English Swimmer Gets Slammed For Cruel & ‘Transphobic’ Tweet About Transgender Weightlifter (TWEETS)
New Zealand weightlifter Laurel Hubbard bowed out of Olympics competition early after failing to record a lift in the snatch event on Monday.
Hubbard said Tuesday she was just “grateful” to have an opportunity to compete.
“All I’ve ever wanted to be is myself,” she told reporters. “I’m just so grateful that I’ve had the opportunity to come here and be me.”
Not everybody has been thrilled to see Hubbard after she transitioned eight years ago at the age of 35 and became the first transgender Olympian.
Team GB swimmer James Guy is being condemned this week over a “transphobic” tweet questioning the fairness of Laurel Hubbard’s inclusion at the Olympics. Guy, who won two golds and a silver medal at the Tokyo Olympics, drew criticism for writing, “How’s that fair, put me in the women’s 100 fly then.”
The post recently went viral again, even though he posted it back on June 22nd.
Here’s how social media responded:
Hubbard said the prospect of competing on the world stage was what drew her to Tokyo.
“What drives me in sport, I think, is the sport itself,” she said. “And this is the pinnacle event for weightlifting, as it is for so many sports. And I suppose that’s what’s drawn me here, because anyone I think can train in their own time, but to actually be called to account on the platform. We’ve got one minute to make it all happen. That’s the real test for, I suppose, anyone and weightlifting.”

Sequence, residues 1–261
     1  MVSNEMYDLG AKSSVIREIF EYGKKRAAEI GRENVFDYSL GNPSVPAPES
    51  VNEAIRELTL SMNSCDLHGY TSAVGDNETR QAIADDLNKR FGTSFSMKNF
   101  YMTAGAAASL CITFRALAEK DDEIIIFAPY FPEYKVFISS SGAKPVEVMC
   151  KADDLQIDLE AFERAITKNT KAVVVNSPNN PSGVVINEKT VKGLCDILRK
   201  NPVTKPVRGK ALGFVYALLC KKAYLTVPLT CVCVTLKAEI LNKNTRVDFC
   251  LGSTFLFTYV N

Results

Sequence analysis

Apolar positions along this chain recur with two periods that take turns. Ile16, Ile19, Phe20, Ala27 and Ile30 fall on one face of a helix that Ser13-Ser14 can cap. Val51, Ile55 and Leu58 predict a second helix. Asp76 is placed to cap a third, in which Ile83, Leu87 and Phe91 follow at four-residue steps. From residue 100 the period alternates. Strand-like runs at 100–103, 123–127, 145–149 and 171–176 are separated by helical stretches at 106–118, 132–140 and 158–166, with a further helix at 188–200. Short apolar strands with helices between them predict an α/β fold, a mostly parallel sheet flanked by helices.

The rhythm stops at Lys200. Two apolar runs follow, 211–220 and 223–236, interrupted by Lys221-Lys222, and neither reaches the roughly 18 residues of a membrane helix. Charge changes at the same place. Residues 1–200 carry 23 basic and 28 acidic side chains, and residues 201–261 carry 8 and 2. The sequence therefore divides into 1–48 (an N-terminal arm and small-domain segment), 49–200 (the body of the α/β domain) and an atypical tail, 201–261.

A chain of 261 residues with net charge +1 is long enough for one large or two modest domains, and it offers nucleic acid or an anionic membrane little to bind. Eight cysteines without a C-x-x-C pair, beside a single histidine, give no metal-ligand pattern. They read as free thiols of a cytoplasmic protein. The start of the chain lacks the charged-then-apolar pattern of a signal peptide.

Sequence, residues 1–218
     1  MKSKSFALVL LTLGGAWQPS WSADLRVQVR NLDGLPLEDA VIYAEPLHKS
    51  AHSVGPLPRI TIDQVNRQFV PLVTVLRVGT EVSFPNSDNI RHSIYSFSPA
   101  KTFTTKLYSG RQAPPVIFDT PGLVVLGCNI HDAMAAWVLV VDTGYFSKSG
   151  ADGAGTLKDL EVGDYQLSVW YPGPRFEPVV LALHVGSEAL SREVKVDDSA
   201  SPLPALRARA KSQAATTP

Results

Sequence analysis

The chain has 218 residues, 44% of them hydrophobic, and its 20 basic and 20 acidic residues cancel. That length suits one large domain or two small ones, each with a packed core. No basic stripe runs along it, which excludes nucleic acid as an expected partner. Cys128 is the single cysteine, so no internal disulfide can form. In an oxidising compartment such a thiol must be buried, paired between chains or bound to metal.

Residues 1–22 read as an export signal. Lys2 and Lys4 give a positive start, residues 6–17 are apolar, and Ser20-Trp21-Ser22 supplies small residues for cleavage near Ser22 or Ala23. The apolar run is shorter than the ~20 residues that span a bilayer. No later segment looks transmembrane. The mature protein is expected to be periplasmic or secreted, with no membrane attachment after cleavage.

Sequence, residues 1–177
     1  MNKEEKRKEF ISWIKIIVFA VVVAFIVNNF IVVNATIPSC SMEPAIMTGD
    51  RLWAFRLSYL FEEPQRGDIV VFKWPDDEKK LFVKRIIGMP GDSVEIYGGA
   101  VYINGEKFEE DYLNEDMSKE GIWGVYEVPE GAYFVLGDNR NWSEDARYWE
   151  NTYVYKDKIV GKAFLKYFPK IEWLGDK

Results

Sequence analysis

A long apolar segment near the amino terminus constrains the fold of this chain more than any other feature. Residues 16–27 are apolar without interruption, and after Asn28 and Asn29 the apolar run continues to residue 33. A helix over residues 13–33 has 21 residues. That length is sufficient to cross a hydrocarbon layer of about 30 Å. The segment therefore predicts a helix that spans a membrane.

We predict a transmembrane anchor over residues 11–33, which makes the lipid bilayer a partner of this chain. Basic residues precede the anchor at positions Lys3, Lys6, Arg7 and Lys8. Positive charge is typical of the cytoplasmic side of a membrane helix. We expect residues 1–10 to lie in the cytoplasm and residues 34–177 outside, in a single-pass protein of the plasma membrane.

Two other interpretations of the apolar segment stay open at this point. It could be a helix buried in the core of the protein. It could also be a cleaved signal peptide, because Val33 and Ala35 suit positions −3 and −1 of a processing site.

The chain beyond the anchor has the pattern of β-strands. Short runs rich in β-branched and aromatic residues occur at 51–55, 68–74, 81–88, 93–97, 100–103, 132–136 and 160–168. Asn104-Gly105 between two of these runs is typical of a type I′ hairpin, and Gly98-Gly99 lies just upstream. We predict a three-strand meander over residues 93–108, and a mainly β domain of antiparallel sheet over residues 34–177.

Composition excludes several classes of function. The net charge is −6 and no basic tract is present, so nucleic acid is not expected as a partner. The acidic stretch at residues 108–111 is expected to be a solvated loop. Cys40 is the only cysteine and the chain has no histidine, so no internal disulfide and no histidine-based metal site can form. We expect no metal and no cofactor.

Despite all of the negativity surrounding her, Hubbard chose not to dwell on the negativity.
“I tried not to dwell on, I suppose, negative coverage or negative perception, because it makes a hard job even harder. It’s hard enough lifting a barbell but if you’re putting more weight on it, it just makes it an impossible task, really. One thing I will say though is that I think often, a lot of negative coverage and negative perception is not really based on any sort of evidence or principle but rather it’s based on emotion that people are often reacting, out of fear or discomfort. I hope that in time, they will open themselves up to a broader perspective,” she said.